Drilling rig operator Valaris upped its share repurchases amid a steady quarter in which it grew both its backlog and net income.
Valaris (NYSE:VAL) reported net income of $49 million – an improvement on the $31m last quarter.
The first three months of the year saw contracts and extensions worth around $820m in backlog, taking total contract backlog to $2.8 billion.
Valaris said the results were “better than prior guidance” due to the timing of projects moving from the first quarter to subsequent quarters, but maintained its outlook for the rest of 2023.
President and CEO Anton Dibowitz said: “In the first quarter, we achieved strong revenue efficiency of 99% and won new contracts and extensions with associated contract backlog of approximately $820 million, including a three-year contract offshore Brazil for which we will reactivate drillship VALARIS DS-8.”
Mr Dibowitz also pointed to a recent refinancing which added a $375m revolving credit facility and increased the firm’s liquidity by almost $500m.
“We continue to be highly constructive on the outlook for the industry and our business, with increasing demand and constrained supply continuing to tighten the market,” he added.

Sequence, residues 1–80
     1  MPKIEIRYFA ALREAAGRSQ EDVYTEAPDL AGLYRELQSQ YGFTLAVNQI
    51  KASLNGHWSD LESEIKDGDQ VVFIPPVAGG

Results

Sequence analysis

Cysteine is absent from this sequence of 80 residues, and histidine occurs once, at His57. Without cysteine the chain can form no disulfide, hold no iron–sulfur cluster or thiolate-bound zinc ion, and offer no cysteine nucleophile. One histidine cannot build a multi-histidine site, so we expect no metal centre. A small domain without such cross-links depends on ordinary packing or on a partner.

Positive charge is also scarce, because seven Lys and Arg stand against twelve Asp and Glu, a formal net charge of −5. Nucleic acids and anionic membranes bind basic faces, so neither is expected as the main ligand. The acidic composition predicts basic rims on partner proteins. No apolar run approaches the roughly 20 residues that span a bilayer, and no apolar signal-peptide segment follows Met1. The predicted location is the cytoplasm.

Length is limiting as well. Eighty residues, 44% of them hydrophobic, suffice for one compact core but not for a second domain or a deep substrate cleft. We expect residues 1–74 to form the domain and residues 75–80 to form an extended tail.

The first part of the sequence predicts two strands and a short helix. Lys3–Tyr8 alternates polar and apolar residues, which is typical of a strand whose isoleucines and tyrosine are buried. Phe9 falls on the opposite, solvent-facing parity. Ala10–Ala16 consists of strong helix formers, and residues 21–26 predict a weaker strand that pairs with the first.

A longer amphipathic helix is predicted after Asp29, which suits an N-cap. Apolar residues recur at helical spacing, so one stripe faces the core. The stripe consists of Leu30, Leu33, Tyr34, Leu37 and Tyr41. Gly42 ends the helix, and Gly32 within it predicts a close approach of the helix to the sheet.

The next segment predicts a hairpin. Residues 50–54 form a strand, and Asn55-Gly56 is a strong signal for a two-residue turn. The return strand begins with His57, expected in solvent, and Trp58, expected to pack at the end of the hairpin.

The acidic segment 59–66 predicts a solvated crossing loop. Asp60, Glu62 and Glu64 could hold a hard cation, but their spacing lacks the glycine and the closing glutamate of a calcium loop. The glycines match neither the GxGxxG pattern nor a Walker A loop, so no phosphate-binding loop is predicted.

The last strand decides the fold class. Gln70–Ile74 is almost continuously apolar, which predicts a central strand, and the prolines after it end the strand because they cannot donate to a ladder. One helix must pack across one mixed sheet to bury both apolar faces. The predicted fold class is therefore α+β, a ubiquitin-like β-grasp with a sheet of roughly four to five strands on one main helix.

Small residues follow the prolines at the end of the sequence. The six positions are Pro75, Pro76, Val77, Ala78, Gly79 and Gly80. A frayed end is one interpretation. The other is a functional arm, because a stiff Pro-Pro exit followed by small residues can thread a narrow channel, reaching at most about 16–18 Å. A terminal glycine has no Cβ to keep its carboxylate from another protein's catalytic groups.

“As a result of our strong business outlook and commitment to returning capital to shareholders, the Valaris Board of Directors has increased our share repurchase authorization to $300 million, and we intend to repurchase $150 million of shares by the end of the year.”
By segment, Valaris’ floating revenues increased marginally to $215m, primarily due to higher day rates for VALARIS DPS-5 and DS-12, which commenced new contracts during the first quarter.
Jackup revenues fell to $170m from $182 million Q4 2022, a factor the company said was legrly linked to lower utilization for its harsh-environment fleet, including idle time for its three N-Class jackups as well as the VALARIS 121 and 247.
The 121 – currently moored in Dundee – is the subject of an investigation by the UK’s Health and Safety Executive after inspectors found a hole in the deck had appeared the same day a worker went missing from the vessel, sparking a huge search off Aberdeen.
Revenues at ARO Drilling – its 50/50 joint venture with Saudi Aramco- also grew marginally to $124m on the back of higher average day rates, following the start of three-year contract extensions for VALARIS 147 and 148 in December 2022 and February 2023, respectively.
New CEO for ARO
At the same time, the company confirmed the appointment of Mohamed Hegazi as chief executive of ARO Drilling.
Mr Hegazi previously served as CEO of wellbore integrity services firm TGT Diagnostics, and various senior leadership positions at SLB (then Schlumberger).
He replaces Derek Kent who will be retiring from his role as head of ARO following a handover period.